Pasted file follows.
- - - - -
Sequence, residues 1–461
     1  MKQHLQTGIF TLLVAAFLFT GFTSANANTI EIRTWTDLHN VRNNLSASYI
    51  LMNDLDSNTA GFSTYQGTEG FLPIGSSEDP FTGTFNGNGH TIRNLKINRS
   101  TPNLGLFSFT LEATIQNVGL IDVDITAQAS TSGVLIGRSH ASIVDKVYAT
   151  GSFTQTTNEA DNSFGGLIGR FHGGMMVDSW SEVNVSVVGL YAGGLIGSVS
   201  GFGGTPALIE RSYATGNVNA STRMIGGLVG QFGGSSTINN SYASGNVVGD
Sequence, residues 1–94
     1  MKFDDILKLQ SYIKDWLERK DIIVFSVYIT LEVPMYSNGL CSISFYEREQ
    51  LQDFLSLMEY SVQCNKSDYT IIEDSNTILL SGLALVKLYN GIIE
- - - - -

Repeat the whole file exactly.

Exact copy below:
Sequence, residues 1–461
     1  MKQHLQTGIF TLLVAAFLFT GFTSANANTI EIRTWTDLHN VRNNLSASYI
    51  LMNDLDSNTA GFSTYQGTEG FLPIGSSEDP FTGTFNGNGH TIRNLKINRS
   101  TPNLGLFSFT LEATIQNVGL IDVDITAQAS TSGVLIGRSH ASIVDKVYAT
   151  GSFTQTTNEA DNSFGGLIGR FHGGMMVDSW SEVNVSVVGL YAGGLIGSVS
   201  GFGGTPALIE RSYATGNVNA STRMIGGLVG QFGGSSTINN SYASGNVVGD
Sequence, residues 1–94
     1  MKFDDILKLQ SYIKDWLERK DIIVFSVYIT LEVPMYSNGL CSISFYEREQ
    51  LQDFLSLMEY SVQCNKSDYT IIEDSNTILL SGLALVKLYN GIIE